The Sixth Day in the Christmas Octave
Madonna of San Luca / Nostra Signora della Guardia / Our Lady of Saint Luke of La Guardia, Bologna, Italy (433) – 30 December:
The Abbot Orsini wrote: “This picture was in the Church of Santa Sophia, at Constantinople, with this inscription: “This picture, painted by Saint Luke, must be taken to the mountain of La Garde and placed over the Altar of the Church.” A Greek monk set out for Italy about the year 433, with the picture entrusted to him and deposited it on the mountain of La Garde.”
The account mentioned by the Abbot above, is also told in the chronicle of Graziolo Accarisi, who wrote of a Greek hermit who went on pilgrimage to Constantinople where he received from the Priests of the Church of Santa Sofia, the icon of Our Lady of La Guardia. This image was attributed to Saint Luke the Evangelist and there was an inscription on the painting itself that it should one day be taken to the “mountain of the guard.”
The hermit took the Icon,and walked throughout Italy in search of the place where the Icon was meant to be,but it was not until he reached the City of Emilia near Bologna that the authorities of the City came out to greet him and processed with the icon back to the mountain. The Icon had finally found its home and it is now more commonly known as the Madonna of San Luca.
Among the many miracles attributed to the image is especially noted the “miracle of the rain,” which occurred on 5 July 1433. An extremely heavy spring rain came late in the season, threatening to destroy the crops. Facing the prospect of famine, the people turned to the Blessed Virgin for assistance. The storm and rain stopped suddenly, with the arrival into the City, of a procession carrying the miraculous Icon. Since that time these processions have been repeated annually. There is even an incredible arched walkway that is only a little short of four kilometers in length, that is meant to protect the Icon from the elements, as well as those on procession.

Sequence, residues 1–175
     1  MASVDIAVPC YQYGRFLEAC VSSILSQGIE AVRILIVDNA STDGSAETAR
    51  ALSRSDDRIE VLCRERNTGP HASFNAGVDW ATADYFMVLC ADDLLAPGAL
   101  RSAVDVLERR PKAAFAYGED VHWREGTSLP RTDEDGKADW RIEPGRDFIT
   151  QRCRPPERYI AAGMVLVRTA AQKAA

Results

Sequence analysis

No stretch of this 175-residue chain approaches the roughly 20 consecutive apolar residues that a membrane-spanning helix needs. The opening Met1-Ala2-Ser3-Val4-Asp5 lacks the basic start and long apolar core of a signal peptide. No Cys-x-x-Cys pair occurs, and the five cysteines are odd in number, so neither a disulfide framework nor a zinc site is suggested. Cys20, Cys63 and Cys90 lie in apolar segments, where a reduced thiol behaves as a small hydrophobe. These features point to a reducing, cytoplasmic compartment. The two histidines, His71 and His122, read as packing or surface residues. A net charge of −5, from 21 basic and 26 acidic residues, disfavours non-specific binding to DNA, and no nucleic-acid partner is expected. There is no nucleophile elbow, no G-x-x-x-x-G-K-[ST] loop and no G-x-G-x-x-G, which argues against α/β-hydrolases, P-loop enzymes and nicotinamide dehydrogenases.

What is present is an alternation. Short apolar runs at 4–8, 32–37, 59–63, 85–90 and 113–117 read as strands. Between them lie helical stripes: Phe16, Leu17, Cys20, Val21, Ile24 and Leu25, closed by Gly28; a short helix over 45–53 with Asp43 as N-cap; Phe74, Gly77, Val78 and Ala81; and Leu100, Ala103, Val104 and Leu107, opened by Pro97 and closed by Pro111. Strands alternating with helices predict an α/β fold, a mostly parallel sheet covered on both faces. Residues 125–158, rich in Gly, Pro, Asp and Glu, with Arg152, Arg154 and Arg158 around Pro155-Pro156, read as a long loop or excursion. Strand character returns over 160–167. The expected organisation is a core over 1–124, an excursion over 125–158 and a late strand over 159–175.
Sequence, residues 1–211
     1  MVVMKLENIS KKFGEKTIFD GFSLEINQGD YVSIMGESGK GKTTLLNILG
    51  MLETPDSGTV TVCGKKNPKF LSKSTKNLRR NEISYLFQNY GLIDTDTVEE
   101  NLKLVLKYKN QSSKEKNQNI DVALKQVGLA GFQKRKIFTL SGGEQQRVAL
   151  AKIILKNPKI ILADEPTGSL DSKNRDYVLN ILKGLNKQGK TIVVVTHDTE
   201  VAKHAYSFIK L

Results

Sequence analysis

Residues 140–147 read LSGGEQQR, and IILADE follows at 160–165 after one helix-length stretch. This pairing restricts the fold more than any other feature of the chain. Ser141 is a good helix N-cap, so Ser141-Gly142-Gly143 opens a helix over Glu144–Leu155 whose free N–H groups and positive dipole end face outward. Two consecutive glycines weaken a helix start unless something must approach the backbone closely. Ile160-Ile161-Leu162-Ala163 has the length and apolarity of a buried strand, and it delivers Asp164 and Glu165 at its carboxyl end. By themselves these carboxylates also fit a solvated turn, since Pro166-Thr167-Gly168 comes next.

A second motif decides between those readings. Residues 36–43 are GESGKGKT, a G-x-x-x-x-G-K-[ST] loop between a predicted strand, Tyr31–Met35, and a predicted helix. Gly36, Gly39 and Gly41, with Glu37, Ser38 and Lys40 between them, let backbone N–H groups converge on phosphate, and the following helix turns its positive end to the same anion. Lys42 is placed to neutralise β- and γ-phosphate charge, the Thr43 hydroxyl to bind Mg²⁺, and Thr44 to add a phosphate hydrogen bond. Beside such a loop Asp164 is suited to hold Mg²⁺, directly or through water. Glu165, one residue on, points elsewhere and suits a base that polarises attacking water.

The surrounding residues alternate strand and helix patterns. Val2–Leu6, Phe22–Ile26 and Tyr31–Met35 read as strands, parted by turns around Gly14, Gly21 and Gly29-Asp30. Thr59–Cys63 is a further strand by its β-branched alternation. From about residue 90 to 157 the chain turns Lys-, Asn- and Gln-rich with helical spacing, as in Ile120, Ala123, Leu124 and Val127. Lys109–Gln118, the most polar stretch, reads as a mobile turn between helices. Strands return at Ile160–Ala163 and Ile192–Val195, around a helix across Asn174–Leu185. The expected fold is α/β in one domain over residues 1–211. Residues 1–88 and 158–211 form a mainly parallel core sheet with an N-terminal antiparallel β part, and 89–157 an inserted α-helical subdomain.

The Icon shows the Blessed Virgin Mary holding the Infant Jesus in blessing. She wears a blue-green robe, with a red tunic. The nose, eyes and fingers appear somewhat elongated. The Divine Child wears a tunic of the same colour as His Mothers’, with His right hand in a gesture of giving a blessing and his left hand being closed. In 1625 the image was covered with a silver panel which leaves only the faces of the figures uncovered.
The Icon was crowned in 1603 by the Archbishop Alfonso Paleotti. The Sanctuary of Saint Luke, where the Icon is kept, was declared a national monument in the year 1874. In 1907 the Church was raised to the dignity of a Minor Basilica by the holy Pope Saint Pius X.
The Sanctuary is situate some 300 metres above the City plain, just south-west of the historical centre of the City. While a road now leads up to the Sanctuary, it is also possible to reach it along a 3.8 km monumental roofed arcade (Portico di San Luca) consisting of 666 arches, which was built in 1674–1793. It was meant to protect the Icon as it was paraded up the hill. A yearly procession from the Cathedral of San Pietro in the centre of Bologna to the Sanctuary goes along this path. The arches held sacred images or Chapels erected by patron families. There is also a cable car which takes tourists up to the Basilica.
St Anysia of Thessalonica
St Anysius of Thessalonica
St Egwin of Worcester OSB (Died 717) Bishop of Worcester, England, Benedictine Monk, Reformer and Penitent, miracle-worker. Egwin was devout and lived for God from his youth. His biographers say, that king, clergy and the faithful, all united in demanding Egwin’s elevation to Bishop.
About St Egwin:
St Elias of Conques
St Eugene of Milan
St Pope Felix I
Blessed Giovanni Maria Boccardo (1848-1913) He is remembered as “Father of the Poor” – Priest, Founder of the Poor Daughters of Saint Cajetan.
St Hermes of Moesia
St Jucundus of Aosta
St Liberius of Ravenna
Blessed Margherita Colonna (c 1255-1284) Virgin, Nun
St Perpetuus of Tours
Bl Raoul of Vaucelles
St Raynerius of Aquila
Bl Richard of Wedinghausen
St Ruggero of Canne
St Sebastian of Esztergom
Martyrs of Alexandria – (5 saints): A group of Christians martyred in the unrest caused by Monophysite heretics. We know the names for five of them – Appian, Donatus, Honorius, Mansuetus and Severus. They were martyred in c 483 at Alexandria, Egypt.
Martyrs of Oia – (6 saints): A group of Christians martyred together, date unknown. The only details to have survived are the names – Cletus, Florentius, Papinianus, Paul, Serenusa and Stephen. They were martyred in Oia, Greece.
Martyrs of Spoleto – (4 saints): A group of Christians martyred in the persecutions of Diocletian – Exuperantius, Marcellus, Sabinus and Venustian. They were martyred in 303 in Spoleto, Italy.